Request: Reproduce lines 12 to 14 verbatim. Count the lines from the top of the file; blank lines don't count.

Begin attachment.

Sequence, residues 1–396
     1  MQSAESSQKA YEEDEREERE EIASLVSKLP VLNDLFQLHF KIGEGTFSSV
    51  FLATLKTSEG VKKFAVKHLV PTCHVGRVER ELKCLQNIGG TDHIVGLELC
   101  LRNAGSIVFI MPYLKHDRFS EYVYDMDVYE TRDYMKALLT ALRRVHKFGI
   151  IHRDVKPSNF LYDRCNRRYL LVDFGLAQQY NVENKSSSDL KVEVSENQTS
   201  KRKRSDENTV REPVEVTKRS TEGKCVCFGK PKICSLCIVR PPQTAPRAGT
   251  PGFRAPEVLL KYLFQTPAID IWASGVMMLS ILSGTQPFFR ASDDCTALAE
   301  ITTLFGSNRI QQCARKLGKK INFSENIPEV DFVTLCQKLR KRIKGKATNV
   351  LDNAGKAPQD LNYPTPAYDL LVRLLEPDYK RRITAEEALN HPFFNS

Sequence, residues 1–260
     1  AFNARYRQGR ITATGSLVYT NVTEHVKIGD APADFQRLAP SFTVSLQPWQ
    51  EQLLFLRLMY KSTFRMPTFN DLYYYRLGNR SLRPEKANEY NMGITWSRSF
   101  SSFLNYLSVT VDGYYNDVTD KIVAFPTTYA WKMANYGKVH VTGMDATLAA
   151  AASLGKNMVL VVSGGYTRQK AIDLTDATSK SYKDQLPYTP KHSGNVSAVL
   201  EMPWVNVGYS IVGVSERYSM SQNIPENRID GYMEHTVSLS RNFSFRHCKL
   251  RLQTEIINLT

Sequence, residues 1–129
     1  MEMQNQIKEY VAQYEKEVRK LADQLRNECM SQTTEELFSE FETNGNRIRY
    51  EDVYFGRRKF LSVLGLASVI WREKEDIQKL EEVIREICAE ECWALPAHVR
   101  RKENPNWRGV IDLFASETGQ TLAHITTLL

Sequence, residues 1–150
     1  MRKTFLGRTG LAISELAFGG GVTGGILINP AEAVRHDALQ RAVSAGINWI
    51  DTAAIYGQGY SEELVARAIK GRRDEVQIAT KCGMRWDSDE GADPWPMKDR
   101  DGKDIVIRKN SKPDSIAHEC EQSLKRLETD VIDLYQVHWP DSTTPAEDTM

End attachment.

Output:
    51  EQLLFLRLMY KSTFRMPTFN DLYYYRLGNR SLRPEKANEY NMGITWSRSF
   101  SSFLNYLSVT VDGYYNDVTD KIVAFPTTYA WKMANYGKVH VTGMDATLAA
   151  AASLGKNMVL VVSGGYTRQK AIDLTDATSK SYKDQLPYTP KHSGNVSAVL